Monday, September 26, 2022

Early Tetrapods Had Fewer Skull Bones than Extinct and Living Fish, New Study Reveals

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Scientists from the United Kingdom and Spain have discovered that tetrapods had more complex connections between their skull bones than fish and, rather than promoting the diversification of life on land, these changes to skull anatomy actually restricted the evolution of tetrapod skulls.

The developmental underpinnings and functional consequences of modifications to the limbs during the origin of the tetrapod body plan are increasingly well characterized, but less is understood about the evolution of the tetrapod skull; decrease in skull bone number has been hypothesized to promote morphological and functional diversification in vertebrate clades, but its impact during the initial rise of tetrapods is unknown; Rawson et al. tested this by quantifying topological changes to cranial anatomy in fossil and living species bracketing the fin-to-limb transition using anatomical network analysis. Image credit: Zina Deretsky, National Science Foundation.

Tetrapods evolved from fish and were the earliest land animals with limbs and digits; the ancestors of everything from amphibians to humans.

Their origin was a transformative event in vertebrate evolution and involved marked changes to the body plan of vertebrates.

“Tetrapod skulls generally have fewer skull bones than their fish ancestors, but simply counting the number of bones misses some important data,” said Dr. James Rawson, a researcher at the University of Bristol.

“We used a technique called network analysis, where the arrangement of skull bones — which bones connect to which — is recorded in addition to bone number.”

In their research, Dr. Rawson and his colleagues quantified the organization of skull bones in over 100 living and fossil animals.

“Traditionally, anatomy research has been mostly descriptive or qualitative,” said Dr. Borja Esteve-Altava, a researcher at the Universitat Pompeu Fabra.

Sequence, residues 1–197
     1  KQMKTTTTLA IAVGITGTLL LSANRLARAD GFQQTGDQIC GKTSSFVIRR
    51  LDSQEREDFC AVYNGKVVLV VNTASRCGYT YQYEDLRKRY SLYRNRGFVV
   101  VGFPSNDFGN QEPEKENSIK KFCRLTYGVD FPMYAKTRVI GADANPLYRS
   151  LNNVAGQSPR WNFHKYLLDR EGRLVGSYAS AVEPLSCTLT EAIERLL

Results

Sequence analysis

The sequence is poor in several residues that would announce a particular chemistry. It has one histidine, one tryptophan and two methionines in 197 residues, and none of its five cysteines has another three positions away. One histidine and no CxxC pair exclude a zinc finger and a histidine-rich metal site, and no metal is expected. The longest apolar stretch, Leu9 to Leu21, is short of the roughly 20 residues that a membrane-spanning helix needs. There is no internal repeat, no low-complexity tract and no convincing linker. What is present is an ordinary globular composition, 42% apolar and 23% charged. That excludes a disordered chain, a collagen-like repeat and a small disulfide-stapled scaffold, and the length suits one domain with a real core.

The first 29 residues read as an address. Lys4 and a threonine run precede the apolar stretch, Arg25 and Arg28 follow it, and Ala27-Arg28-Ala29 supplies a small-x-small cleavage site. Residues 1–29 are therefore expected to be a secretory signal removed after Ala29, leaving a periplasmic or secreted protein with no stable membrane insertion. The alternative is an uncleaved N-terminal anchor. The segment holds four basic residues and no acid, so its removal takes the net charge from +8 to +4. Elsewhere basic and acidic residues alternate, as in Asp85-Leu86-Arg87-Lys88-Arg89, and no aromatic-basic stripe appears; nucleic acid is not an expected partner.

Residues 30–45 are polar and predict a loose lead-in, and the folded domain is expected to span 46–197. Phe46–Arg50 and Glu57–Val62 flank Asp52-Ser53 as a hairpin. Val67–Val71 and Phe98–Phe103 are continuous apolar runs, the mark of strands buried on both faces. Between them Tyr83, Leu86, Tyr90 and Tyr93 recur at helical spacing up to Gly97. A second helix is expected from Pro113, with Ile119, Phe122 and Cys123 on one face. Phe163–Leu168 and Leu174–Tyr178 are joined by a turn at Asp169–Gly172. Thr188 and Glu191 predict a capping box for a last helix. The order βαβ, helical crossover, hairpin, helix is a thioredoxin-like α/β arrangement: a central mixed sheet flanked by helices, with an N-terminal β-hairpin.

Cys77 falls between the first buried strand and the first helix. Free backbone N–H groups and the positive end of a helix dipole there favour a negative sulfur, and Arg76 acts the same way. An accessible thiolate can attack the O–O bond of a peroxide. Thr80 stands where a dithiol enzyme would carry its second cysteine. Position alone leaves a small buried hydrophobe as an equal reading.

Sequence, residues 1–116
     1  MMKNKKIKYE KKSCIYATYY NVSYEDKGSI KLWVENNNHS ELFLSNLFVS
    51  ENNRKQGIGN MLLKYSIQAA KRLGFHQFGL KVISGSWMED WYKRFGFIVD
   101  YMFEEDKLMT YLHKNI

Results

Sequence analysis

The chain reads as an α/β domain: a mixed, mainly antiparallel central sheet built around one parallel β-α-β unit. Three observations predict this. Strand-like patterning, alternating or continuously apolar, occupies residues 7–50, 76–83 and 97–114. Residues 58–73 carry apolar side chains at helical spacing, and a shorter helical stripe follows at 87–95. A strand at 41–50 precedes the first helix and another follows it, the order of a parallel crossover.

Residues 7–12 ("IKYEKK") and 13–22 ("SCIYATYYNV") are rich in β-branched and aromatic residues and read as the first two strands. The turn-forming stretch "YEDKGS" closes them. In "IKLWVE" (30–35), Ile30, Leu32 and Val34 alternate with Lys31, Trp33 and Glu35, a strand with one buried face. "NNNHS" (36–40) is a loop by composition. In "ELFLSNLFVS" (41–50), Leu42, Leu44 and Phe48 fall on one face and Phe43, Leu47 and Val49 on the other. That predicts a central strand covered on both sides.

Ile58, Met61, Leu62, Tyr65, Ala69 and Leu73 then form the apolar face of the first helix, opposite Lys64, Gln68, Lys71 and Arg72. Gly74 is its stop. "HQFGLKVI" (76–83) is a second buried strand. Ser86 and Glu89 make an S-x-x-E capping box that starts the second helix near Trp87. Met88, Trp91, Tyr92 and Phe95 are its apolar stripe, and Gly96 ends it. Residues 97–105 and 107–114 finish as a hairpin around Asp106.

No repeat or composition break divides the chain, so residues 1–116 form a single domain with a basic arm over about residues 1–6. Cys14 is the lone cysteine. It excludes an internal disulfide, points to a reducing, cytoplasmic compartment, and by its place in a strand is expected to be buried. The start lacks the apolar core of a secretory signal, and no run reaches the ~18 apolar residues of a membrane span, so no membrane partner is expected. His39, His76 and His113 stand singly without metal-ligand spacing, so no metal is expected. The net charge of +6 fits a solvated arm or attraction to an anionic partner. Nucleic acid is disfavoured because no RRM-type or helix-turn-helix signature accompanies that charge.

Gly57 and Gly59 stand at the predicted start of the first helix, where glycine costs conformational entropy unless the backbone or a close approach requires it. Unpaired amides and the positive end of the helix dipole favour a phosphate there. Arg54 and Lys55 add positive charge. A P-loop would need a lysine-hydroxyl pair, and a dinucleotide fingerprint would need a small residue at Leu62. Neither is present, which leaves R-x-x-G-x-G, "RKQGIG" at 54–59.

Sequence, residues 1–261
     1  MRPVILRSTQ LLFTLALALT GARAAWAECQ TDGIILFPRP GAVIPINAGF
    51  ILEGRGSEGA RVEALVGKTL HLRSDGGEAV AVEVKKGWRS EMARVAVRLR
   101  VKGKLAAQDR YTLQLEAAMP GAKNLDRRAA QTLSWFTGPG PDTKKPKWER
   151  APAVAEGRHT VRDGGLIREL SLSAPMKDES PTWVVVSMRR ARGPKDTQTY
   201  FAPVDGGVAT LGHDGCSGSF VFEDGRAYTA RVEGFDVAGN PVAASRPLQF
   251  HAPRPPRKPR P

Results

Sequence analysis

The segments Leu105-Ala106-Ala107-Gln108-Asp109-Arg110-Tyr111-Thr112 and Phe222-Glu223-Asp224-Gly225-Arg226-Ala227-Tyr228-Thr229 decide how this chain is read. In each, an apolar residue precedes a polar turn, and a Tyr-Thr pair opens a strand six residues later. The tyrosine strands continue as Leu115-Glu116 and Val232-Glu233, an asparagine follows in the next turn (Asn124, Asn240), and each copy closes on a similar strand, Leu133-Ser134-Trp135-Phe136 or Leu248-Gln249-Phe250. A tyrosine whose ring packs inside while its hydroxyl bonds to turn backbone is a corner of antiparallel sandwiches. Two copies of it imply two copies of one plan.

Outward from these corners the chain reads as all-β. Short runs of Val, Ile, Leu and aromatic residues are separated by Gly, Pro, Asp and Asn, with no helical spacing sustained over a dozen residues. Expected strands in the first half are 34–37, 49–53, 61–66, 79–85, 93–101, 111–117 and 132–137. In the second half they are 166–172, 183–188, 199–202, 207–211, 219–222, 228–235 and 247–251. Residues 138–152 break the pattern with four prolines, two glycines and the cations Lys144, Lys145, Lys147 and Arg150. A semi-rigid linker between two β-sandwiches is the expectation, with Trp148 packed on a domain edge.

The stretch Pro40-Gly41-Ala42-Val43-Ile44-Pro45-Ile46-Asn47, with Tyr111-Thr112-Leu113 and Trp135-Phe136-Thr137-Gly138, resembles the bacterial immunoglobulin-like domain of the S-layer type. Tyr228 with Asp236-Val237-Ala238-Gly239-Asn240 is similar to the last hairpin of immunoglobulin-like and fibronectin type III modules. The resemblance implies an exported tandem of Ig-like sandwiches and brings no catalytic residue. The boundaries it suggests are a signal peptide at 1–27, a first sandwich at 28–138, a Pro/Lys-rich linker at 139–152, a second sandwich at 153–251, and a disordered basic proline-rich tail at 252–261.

“Network analysis provides a sound mathematical framework to quantify anatomical relations among bones: a kind of data often overlooked in most studies on morphological evolution.”

The researchers found that tetrapods having fewer skull bones than fish made the organization of their skulls more complex.

“It might seem strange, but having fewer bones means each of those bones must connect with more of its neighbors, resulting in a more complex arrangement,” Dr. Rawson said.

“Modern frogs and salamanders had the most complex skulls of all the animals we studied.”

The skulls of the earliest tetrapods also became more consolidated into a single unit, whereas their fish ancestors had skulls made of several distinct sections.

By looking at the variety of skull bone arrangements over time, the authors also discovered that the origin of tetrapods coincides with a drop in the variety of skull bone arrangements.

“We were surprised to find these changes to the skull seemed to limit tetrapod evolution, rather than promoting radiation to new habitats on land,” said Professor Emily Rayfield, a researcher at the University of Bristol.

“We think that the evolution of a neck, extinction events or a bottleneck in skull development may be responsible.”

“We also see a similar drop in structural variability for the limb bones in early tetrapods, but the drop in the limbs happens 10 million years earlier,” Dr. Rawson said.

“It seems that different factors were affecting skull and limb evolution in early tetrapods, and we have so much more to learn about this crucial time in our own evolutionary history.”

The research is described in a paper published today in the journal Science Advances.

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James R.G. Rawson et al. 2022. Early tetrapod cranial evolution is characterized by increased complexity, constraint, and an offset from fin-limb evolution. Science Advances 8 (36); doi: 10.1126/sciadv.adc8875

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